It seemed almost impossible that I would learn anything new about David Chang when I arrived for lunch at one of his favorite Chinese restaurants, Wu's Garden in Vienna, Va.
The 32-year-old wunderchef of Momofuku Noodle Bar and three other acclaimed New York restaurants has won every conceivable culinary prize, including James Beard Foundation awards for rising star in 2007, best New York chef in 2008, and best new restaurant in 2009. And he has subsequently been profiled by every self-respecting New York and national publication.
The CliffsNotes version of those stories goes something like this: Chang is young, brilliant, neurotic, foul-mouthed - and, perhaps most important, pork-obsessed. Which made it all the more surprising to show up and find Chang eagerly awaiting a plate of Wu's braised tofu.
It turns out that Wu's is the kind of place where Chang is comfortable revealing such secrets, though he insists the rabid fans of his legendary pork buns will not be disappointed to learn he likes tofu. ("I like vegetables, too," he protests.) Chang, who grew up in Northern Virginia, has been coming to Wu's "forever." Chang loves the food, especially the braised tofu and the juicy, boneless braised chicken, one of his "favorite dishes of all time."
"This is a great Chinese-American restaurant," Chang said. "Outside of Las Vegas, do you think someone's going to put in the time to decorate a place like this? To make food like this? No, probably not."
Chang worries about Wu's and fears other great Chinese-American restaurants are slowly disappearing. It's not that Wu's isn't busy. The restaurant, which opened in 1974, is now welcoming its third generation of customers, says co-owner William Wu. It's that Chang worries about most things in his life; hence, writers' frequent use of the word neurotic to describe him. Right now, Chang's big worries include his cookbook, Momofuku, cowritten by Peter Meehan; a still-unnamed restaurant, his largest ever, set to open in midtown Manhattan in December; and just what role he can, and should, play in his exploding culinary empire.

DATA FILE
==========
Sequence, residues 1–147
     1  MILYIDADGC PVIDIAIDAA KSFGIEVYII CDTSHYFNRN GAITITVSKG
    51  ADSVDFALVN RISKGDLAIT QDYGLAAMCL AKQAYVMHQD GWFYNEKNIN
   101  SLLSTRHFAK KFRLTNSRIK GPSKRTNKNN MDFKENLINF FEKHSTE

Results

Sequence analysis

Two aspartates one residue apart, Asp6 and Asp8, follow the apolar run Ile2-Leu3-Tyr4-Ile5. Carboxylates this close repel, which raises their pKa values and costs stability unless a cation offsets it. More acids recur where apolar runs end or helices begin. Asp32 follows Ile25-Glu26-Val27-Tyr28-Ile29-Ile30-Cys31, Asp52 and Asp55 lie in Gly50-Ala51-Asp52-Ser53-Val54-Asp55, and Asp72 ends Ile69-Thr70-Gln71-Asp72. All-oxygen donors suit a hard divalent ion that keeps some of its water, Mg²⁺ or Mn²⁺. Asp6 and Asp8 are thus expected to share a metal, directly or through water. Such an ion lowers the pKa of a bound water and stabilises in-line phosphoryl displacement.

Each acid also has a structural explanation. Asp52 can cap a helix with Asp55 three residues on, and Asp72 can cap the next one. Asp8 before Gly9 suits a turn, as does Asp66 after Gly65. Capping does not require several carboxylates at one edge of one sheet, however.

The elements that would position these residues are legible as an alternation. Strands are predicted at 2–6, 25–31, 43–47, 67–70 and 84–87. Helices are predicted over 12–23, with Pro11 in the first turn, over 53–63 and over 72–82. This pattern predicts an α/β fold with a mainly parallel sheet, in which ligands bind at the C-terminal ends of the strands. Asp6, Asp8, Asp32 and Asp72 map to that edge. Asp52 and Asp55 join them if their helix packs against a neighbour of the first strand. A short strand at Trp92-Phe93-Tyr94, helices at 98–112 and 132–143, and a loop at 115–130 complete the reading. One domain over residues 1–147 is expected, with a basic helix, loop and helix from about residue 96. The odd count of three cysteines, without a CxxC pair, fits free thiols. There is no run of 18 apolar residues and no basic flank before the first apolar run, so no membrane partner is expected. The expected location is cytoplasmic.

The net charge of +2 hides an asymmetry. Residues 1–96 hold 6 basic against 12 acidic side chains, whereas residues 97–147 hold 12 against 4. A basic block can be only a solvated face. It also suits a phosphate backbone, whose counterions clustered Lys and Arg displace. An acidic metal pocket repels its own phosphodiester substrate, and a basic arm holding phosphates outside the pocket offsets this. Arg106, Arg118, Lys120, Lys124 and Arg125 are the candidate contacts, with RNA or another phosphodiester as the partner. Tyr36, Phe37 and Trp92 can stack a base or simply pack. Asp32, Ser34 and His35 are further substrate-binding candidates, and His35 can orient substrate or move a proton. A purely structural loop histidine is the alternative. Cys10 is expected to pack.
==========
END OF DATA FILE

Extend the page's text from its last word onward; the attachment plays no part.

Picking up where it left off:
"You know, I don't think you get better as you get older. You just don't, creatively," he said gloomily. "But I don't think I can tell everyone what is going to happen on each menu. I can steer where the food will go. I think that's where my power lies."
Chang's ability to create riffs on Asian flavors is the reason the chef has been a magnet for culinary awards and critical acclaim: There are the pork buns, packed with fatty belly and house-pickled cucumbers. But he also serves Brussels sprouts with kimchi puree and bacon dashi with potatoes and clams. "His food is more than cheap and delicious," raved New York magazine writers Rob Patronite and Robin Raisfeld in a 2007 profile of Chang. "It is the unique synthesis of his highbrow training with his lowbrow appetites."
His first culinary influences were his mother's Korean home cooking and the almost weekly trips to Wu's, where he learned about classic Chinese flavor profiles such as garlic, chicken broth, and scallions. His father was in the restaurant business but gave it up to open a golf retail store because "restaurants are a hard-ass business," Chang said. "He wanted his kids to have the best education that he could afford. So I got the best education he could afford" - Trinity College in Connecticut - "and the irony is, I squandered it."